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Thursday, 15 December 2016

Staff Picks 2016: Alyssa

Every year I think it'll get easier to choose a top ten, that I'll have streamlined the decision-making process and figured out how to isolate the very, very best books of the year. But with all the amazing titles that come out, it's always a challenge, and there are always beautiful, thought-provoking books that get left by the wayside. So here are ten twelve titles, in alphabetic order, that stood out this year. The best I, humble book nerd that I am, could do: 
 

Closer (Sarah Barmack)
Smaller than your average non-fiction book, but more comprehensive than an essay, pretty much every book in Coach House’s Exploded Views series is a winner. Closer tackles the complicated, taboo subject of female sexuality, and does so with a thoroughness that’s a pleasure to read. The topics range from how so-called “liberated” sex might actually put more pressure on us all, the long history of the medical community dismissing female anatomy and pleasure, and the radical ways women of all stripes are reclaiming their bodies.

Beverly (Nick Drnaso) 
With spare illustration and dialogue that betrays the mundanity of daily life, Nick Drnaso's Beverly tells interconnected tales of the North American suburb. Life in these panels is boring yet cruel, with tensions boiling just beneath the stylized line work. Humour, violence, heartbreak, and dreams all fight to break through the stifling fog of the status quo, and the characters who populate this beautiful, pastel-hued world will haunt you long after their stories are over.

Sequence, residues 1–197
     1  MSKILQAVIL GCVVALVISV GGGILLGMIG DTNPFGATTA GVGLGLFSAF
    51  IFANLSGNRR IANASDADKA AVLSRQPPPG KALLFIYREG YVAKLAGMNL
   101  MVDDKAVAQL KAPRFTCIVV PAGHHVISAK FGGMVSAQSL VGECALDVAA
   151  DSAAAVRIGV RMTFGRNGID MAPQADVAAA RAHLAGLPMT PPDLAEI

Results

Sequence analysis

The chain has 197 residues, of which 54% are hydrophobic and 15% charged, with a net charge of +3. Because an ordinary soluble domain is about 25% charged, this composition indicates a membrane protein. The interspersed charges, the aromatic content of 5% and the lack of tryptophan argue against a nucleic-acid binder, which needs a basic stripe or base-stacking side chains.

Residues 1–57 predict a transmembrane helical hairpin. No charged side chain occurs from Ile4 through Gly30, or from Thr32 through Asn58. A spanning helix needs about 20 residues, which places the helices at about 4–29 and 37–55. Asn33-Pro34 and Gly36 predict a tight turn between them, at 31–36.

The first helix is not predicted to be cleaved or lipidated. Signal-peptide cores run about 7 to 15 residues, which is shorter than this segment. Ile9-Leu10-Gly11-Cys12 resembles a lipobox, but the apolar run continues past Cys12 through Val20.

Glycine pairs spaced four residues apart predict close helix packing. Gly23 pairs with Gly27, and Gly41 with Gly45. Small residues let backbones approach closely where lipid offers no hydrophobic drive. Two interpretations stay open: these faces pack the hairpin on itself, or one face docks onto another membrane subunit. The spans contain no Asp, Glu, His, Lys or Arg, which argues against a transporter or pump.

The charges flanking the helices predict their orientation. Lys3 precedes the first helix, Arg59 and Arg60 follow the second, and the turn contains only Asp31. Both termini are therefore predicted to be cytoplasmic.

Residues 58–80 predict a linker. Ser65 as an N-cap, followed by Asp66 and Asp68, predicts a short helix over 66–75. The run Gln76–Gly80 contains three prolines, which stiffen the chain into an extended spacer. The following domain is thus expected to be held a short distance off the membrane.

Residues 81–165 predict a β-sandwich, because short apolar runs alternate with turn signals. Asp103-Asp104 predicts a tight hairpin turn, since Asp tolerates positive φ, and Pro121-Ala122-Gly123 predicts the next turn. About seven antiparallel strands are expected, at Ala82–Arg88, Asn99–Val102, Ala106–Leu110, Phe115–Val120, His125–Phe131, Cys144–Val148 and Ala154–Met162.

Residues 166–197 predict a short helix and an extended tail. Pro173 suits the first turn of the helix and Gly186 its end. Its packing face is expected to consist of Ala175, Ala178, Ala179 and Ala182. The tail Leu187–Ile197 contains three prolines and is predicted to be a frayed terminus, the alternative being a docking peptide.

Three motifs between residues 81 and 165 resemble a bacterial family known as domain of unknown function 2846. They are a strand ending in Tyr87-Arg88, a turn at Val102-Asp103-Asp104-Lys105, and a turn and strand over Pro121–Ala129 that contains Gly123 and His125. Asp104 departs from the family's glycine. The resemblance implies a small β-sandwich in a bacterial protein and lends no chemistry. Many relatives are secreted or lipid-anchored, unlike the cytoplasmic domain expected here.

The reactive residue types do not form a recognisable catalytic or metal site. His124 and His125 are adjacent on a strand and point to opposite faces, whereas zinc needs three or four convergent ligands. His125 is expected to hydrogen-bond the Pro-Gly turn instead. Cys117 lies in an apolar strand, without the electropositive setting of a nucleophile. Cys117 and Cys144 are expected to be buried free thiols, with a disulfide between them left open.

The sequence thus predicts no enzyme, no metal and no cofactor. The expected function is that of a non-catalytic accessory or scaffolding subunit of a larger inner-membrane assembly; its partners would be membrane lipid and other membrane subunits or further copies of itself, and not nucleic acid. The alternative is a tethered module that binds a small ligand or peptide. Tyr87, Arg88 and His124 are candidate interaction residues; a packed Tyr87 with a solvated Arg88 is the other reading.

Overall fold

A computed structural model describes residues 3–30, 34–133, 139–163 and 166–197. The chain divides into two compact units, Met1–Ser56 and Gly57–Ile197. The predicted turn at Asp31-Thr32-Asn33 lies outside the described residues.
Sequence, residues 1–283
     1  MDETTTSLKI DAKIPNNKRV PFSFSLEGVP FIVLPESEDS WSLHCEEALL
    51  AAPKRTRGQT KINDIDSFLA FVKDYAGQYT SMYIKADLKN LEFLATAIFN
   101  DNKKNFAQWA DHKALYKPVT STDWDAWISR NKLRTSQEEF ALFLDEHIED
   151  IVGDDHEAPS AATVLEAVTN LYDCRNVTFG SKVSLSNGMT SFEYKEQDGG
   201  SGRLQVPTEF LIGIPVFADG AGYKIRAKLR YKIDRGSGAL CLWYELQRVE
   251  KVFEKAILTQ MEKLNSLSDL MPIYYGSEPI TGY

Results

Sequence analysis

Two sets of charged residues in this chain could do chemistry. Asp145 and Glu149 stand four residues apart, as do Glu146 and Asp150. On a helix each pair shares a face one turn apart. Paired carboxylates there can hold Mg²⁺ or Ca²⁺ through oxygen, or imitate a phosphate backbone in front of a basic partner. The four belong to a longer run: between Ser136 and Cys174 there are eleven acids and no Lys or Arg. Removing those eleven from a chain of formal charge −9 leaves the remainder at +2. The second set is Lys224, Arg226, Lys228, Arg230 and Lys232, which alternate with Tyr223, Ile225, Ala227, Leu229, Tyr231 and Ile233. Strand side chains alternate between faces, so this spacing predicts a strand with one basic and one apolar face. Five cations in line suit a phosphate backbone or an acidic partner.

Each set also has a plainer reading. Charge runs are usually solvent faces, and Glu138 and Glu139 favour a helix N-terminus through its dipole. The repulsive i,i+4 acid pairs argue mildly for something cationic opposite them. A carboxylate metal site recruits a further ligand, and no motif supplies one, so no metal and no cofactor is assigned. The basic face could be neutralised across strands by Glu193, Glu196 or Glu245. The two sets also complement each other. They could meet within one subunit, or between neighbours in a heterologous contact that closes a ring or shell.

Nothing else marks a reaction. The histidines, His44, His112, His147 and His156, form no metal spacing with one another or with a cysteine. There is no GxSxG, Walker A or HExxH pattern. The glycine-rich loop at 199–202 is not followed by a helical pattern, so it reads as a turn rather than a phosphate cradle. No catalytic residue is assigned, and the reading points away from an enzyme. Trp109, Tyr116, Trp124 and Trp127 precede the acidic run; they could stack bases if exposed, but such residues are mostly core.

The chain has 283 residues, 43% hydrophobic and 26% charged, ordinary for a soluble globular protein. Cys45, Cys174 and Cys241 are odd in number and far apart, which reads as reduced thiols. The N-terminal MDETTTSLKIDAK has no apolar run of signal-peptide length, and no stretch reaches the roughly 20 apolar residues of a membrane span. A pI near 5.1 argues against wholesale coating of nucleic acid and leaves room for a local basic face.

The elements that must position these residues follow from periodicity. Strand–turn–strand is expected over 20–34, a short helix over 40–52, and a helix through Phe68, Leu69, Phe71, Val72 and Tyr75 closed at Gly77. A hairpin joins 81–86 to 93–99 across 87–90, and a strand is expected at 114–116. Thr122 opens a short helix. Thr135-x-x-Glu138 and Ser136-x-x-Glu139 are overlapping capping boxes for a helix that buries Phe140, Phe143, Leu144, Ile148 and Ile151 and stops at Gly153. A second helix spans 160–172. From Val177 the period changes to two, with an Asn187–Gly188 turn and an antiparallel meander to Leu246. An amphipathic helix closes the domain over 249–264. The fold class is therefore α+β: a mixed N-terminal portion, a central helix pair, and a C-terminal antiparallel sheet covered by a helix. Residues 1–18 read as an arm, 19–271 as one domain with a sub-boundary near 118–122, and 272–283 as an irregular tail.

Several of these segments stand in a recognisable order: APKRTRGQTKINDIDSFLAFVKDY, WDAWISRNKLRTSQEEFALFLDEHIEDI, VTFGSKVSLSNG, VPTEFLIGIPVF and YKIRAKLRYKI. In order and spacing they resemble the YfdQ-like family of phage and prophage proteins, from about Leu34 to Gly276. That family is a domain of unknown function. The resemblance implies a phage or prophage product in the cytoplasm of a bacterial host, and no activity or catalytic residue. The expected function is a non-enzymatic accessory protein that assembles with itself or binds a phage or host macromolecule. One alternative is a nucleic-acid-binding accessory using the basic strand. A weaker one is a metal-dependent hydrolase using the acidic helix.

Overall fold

Lean Out (Dawn Foster)
When Sheryl Sandberg’s much-discussed Lean In first came out, her assertions that individual women working hard and prioritizing their careers would be enough to fix their gender’s continued economic and professional inequality were met with almost immediate criticism. In Lean Out, journalist Dawn Foster tackles some of Sandberg’s main claims, while also exploring the racial and class politics of inequality, and the rise of corporatized feminism. Quick and thorough, Lean Out clearly articulates the dangers of pushing to get a select few women through the glass ceiling, while forgetting that so many others live well beneath it.



Mooncop (Tom Gauld)
Tom Gauld has gifted us with a graphic novel that mixes the wry wit of You’re All Just Jealous of My Jetpack with the melancholy beauty of Goliath’s narrative, and for that I'm grateful. Set in a rapidly dwindling lunar colony, the graphic novel explores the stillness, the boredom, the sorrow of feeling left behind, of watching a life—maybe not an exciting life, but one nevertheless comforting and appreciated—change before your eyes. But there’s always hope, and the moon’s isolation isn’t so much to bear when it’s shared.

Hot Dog Taste Test (Lisa Hanawalt)
It takes special skill to marry whimsy with crassness in the particular style of Lisa Hanawalt, and her newest book, Hot Dog Taste Test, defies easy categorization. Whatever this book is (memoir, comic, humour, essay, non sequitur), it is always funny, poignant, and endlessly relatable—whether she's talking about bikini bodies, horseback rides, or her own deep-seated anxieties.

Women in Science (Rachel Ignotofsky)
I gave this book to a seven year-old in my acquaintance, and she immediately demanded—as birthday girls are wont to do—that she get to keep it with her during bedtime. I can’t think of higher praise than that, and Women in Science, a beautifully illustrated book profiling women whose contributions to STEM fields throughout history can’t be overstated, is a perfect read for inquisitive minds of all ages.